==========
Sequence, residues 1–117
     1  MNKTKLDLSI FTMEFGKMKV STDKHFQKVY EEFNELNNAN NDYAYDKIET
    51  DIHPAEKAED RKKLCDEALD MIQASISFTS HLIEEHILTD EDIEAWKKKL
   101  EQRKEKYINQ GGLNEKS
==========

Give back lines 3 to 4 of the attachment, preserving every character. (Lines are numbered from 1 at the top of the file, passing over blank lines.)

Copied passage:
    51  DIHPAEKAED RKKLCDEALD MIQASISFTS HLIEEHILTD EDIEAWKKKL
   101  EQRKEKYINQ GGLNEKS